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Summer in Siam 2010- Back to School for the TESOL Cert!

Summer in Siam 2010- Back to School for the TESOL Cert!

September 19, 20102179Views

A Summer in Siam —Travelogue

By Mizaru Pt. 1 The Urban Plunge.

Even just off the plane Bangkok opens up right away with its invigorating smells and un-mitigating heat. And then getting through immigration in the BKK airport combines a slow eruption of base procedures mixed with traveler’s expectations that can only be let loose at any and all destinations here: just south of the Tropic of Cancer. It’s a hot July in Bangkok; free-fall city where your first thought is the best thought.

John Hara, who is Thai and a former cook at a French restaurant, now the manager of Discovery Lodge, plus part-time quasi rep. for Chichester College and full-time hash head is waiting in arrivals in a shirt of white palm trees silk-screened onto a navy blue back ground. Resting on his beer belly is a cardboard airport placard with my name on it and under that the call letters 3WM. He is my “pick-up” and cranks his friend’s taxi into auto-pilot and heads south to Discovery Lodge which will be my Hotel Yorba for the next six weeks. You see the very reputable Chichester College has just accepted me into its intensive four week TESOL Teacher Training program in Bangkok.

Chi College -as the short form goes– is an English post-secondary school in the rather English-sounding idyll county of West Sussex. It has to be mentioned that Rolls Royce is one of the chief employers in that area, and without trying to sound like a suck-ass for hire Chichester College in a round-a-bout way has the same sterling reputation in the Thailand TESOL world as Rolls Royce does in the luxury auto domain. But as anyone who has spent time in Southeast Asia knows the center of gravity in BKK (Bangkok) is located close to the same beltline where the wallet is, but a little more so at the charged areas where the inner pleats of the pants meet. You can think about that for a second but I am not sure what to think as John Hara keeps banging on the buttons of the car’s programmed radio looking to turn his friend’s mor lam music to something else. The music sounds great to me, reminds of a good Steely Dan song, as he turns his friend’s clunker off Ratchadaphisek Rd on to Soi (Street) 17 and up the broad turning driveway of Discovery Lodge. There was no way to know right then what would happen later, yet, I will admit for now that after I left the airport and got here some kind of threshold was crossed and I did not see one common-as-dirt backpacker the whole time I was in Bangkok.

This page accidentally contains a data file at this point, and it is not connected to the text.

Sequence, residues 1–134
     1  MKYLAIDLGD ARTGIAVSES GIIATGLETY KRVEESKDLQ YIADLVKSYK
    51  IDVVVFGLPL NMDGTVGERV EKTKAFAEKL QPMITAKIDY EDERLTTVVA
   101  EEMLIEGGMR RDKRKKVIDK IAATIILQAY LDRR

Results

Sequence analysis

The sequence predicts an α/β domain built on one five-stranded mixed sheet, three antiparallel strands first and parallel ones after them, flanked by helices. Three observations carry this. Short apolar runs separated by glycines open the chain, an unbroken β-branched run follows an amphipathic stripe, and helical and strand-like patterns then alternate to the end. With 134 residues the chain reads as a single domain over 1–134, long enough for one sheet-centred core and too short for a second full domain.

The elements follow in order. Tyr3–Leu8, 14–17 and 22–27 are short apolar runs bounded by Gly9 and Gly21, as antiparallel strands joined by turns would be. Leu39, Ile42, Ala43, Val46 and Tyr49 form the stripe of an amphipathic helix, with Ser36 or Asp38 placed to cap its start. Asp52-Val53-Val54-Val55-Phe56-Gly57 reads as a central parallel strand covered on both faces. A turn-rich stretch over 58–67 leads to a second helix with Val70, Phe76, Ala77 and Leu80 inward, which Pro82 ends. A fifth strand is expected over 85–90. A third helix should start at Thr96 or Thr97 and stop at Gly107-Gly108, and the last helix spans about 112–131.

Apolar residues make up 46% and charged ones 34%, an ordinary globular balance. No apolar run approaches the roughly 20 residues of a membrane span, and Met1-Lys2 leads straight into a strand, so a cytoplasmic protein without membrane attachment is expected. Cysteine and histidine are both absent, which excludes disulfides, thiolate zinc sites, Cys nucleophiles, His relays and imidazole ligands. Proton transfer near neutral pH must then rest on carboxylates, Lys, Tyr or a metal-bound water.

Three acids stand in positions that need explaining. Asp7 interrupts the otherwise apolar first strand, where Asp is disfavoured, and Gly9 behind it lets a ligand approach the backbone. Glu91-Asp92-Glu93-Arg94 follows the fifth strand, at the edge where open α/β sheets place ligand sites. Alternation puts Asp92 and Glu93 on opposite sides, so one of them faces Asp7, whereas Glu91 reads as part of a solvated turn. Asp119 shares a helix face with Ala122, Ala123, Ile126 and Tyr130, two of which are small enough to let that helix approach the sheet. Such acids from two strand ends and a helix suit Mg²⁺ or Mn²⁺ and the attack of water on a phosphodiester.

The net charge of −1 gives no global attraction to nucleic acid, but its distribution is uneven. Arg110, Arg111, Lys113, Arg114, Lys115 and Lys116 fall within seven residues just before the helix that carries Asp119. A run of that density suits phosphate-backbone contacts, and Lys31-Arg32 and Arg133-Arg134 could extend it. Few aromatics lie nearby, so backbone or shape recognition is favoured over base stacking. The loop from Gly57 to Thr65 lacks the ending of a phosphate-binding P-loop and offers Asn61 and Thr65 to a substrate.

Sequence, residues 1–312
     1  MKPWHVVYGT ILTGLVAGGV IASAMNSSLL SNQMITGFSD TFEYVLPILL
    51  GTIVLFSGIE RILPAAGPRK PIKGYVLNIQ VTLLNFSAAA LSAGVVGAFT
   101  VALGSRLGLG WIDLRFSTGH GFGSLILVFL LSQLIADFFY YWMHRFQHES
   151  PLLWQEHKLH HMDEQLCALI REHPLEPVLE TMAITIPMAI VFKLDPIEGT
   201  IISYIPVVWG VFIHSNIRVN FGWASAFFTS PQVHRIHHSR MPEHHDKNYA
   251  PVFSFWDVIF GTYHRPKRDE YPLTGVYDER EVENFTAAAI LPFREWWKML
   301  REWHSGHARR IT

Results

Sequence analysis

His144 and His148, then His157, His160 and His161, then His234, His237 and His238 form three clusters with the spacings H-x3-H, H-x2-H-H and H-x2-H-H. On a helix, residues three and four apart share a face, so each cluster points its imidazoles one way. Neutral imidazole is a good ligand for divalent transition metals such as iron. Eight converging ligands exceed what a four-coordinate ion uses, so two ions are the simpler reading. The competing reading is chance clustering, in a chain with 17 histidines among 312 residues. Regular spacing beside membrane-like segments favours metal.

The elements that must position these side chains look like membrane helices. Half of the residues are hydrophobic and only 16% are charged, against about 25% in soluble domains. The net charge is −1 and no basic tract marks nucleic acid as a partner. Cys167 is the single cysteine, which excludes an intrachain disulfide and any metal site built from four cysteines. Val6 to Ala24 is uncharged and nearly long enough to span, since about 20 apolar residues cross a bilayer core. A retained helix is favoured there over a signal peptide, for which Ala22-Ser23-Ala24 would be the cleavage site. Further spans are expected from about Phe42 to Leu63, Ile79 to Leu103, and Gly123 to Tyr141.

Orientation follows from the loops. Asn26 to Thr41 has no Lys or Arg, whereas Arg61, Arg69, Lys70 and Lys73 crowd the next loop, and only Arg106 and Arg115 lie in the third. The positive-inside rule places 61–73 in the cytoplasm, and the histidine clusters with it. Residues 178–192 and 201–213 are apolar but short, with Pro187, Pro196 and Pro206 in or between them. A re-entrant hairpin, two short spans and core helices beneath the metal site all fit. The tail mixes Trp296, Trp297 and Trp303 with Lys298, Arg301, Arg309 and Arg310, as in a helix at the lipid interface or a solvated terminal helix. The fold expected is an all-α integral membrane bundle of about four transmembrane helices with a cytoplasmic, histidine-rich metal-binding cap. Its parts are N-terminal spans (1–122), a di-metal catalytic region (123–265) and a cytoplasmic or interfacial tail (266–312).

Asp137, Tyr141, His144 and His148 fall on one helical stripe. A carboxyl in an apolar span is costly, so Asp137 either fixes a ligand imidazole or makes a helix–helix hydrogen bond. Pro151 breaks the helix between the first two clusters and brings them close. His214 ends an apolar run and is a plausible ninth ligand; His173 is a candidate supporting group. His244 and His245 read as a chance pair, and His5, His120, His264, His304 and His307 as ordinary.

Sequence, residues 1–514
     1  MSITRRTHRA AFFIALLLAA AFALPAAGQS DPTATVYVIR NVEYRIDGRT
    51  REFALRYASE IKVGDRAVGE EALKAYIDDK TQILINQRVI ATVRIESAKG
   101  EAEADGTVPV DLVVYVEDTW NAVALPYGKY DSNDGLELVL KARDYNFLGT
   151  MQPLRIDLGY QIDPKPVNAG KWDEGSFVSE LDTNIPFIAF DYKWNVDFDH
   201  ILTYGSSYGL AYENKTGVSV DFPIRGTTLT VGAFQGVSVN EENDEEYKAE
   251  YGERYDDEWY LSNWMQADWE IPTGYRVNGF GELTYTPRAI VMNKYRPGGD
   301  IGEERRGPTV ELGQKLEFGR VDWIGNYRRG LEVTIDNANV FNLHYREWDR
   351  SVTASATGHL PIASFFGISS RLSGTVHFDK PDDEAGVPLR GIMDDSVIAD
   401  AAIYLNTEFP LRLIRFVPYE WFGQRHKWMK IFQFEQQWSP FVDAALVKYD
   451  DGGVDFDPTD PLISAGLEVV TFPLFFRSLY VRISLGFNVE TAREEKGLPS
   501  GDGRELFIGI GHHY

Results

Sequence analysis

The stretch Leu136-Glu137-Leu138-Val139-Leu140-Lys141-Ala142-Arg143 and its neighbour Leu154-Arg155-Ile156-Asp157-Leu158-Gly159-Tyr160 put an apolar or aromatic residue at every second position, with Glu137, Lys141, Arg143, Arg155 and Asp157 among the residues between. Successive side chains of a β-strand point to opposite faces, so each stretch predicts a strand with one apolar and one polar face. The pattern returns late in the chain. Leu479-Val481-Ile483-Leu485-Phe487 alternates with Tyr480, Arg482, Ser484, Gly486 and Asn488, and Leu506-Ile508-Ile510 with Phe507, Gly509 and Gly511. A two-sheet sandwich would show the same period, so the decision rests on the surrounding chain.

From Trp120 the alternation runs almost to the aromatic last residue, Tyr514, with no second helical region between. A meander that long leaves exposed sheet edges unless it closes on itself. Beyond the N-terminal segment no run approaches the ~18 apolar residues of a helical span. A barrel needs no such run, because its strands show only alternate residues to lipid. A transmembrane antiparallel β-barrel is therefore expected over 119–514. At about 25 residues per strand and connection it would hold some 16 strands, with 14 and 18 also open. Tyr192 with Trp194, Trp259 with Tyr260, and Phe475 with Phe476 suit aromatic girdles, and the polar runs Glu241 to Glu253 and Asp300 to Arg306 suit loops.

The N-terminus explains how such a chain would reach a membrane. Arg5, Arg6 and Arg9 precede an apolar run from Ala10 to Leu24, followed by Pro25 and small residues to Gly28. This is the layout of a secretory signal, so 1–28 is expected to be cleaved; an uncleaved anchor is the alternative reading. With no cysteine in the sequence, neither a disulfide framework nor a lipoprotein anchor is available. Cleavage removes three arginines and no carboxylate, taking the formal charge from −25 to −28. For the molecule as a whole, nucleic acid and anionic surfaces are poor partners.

Discovery Lodge is the budget hotel that Chichester suggests with the softest of touch as suitable accommodation while doing the intensive TESOL course. To no one’s surprise it was a bordello of the 1970’s. Each guestroom is exactly the same– a nice small porch in front with two chairs and a table—all plastic. A heavy wood front door which when it swings open or closed unloosens the local cockroach, mosquito and gecko wars. The front room is plain enough as it is a recent add-on and then it’s into the back claustrophobic sex parlor.

The look and smell comes from the 1970’s-in-the-Poconos aesthetic when plastic and vinyl were meeting for the first time and finding each other’s comfort zone.  The campy bed—which I never slept on- is a large circle which only seems comfortable for three or more, so of course the walls and ceilings are all fit with mirrors. It is a Bangkok bordello in a time warp and as I’ve been told most Chichester students just stay here only for a cheap laugh. There is a constant stream of white noise that surrounds ‘Discolodge’, comes from the incessant air con and the layout of the 3rd story floor which is just away off the urban zoom sounds of “Ratcha Rd.” Outside in the BBQ area of Discolodge a group of 6 or 7  former and newbie TESOL teacher trainers are cautiously hanging out and carrying full beer condoms as the final World Cup match between Holland and Spain is about to kick off. I want to be a good sports’ fan plus meet the new teacher trainees but the Sunday night is wearing thin: the alarm is set and I have checked it three times. One note about that first night. In just getting the layout of Discolodge, I can’t stop walking past my room 321. I always end up moving past it and get to the early 330’s before I realize it. And when I do realize it and stop it’s always around room 332. I just smirked it up to being travel weary and didn’t think much about it or anything that night except how many 7-Elevans there are in Thailand.